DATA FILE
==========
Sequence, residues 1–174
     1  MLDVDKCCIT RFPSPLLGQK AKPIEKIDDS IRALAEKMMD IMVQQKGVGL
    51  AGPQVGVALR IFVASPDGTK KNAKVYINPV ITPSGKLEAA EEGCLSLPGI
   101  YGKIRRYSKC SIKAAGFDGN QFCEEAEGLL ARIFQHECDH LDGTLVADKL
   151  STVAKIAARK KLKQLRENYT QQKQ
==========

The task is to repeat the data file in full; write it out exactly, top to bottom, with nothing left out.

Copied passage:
Sequence, residues 1–174
     1  MLDVDKCCIT RFPSPLLGQK AKPIEKIDDS IRALAEKMMD IMVQQKGVGL
    51  AGPQVGVALR IFVASPDGTK KNAKVYINPV ITPSGKLEAA EEGCLSLPGI
   101  YGKIRRYSKC SIKAAGFDGN QFCEEAEGLL ARIFQHECDH LDGTLVADKL
   151  STVAKIAARK KLKQLRENYT QQKQ